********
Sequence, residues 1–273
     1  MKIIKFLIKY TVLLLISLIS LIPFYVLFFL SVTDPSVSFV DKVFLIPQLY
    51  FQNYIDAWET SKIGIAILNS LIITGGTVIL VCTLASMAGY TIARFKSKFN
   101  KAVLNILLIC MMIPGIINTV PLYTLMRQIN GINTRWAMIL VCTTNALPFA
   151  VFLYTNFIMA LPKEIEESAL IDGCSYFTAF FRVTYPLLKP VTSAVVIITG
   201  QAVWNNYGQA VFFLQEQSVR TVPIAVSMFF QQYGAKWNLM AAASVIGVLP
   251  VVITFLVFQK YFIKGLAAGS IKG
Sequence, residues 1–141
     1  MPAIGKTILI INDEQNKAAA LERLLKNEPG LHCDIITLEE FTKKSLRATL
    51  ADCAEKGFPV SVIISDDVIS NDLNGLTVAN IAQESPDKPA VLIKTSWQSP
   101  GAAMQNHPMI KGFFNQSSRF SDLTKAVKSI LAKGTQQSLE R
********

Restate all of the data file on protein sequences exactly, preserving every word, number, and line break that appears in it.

Sequence, residues 1–273
     1  MKIIKFLIKY TVLLLISLIS LIPFYVLFFL SVTDPSVSFV DKVFLIPQLY
    51  FQNYIDAWET SKIGIAILNS LIITGGTVIL VCTLASMAGY TIARFKSKFN
   101  KAVLNILLIC MMIPGIINTV PLYTLMRQIN GINTRWAMIL VCTTNALPFA
   151  VFLYTNFIMA LPKEIEESAL IDGCSYFTAF FRVTYPLLKP VTSAVVIITG
   201  QAVWNNYGQA VFFLQEQSVR TVPIAVSMFF QQYGAKWNLM AAASVIGVLP
   251  VVITFLVFQK YFIKGLAAGS IKG
Sequence, residues 1–141
     1  MPAIGKTILI INDEQNKAAA LERLLKNEPG LHCDIITLEE FTKKSLRATL
    51  ADCAEKGFPV SVIISDDVIS NDLNGLTVAN IAQESPDKPA VLIKTSWQSP
   101  GAAMQNHPMI KGFFNQSSRF SDLTKAVKSI LAKGTQQSLE R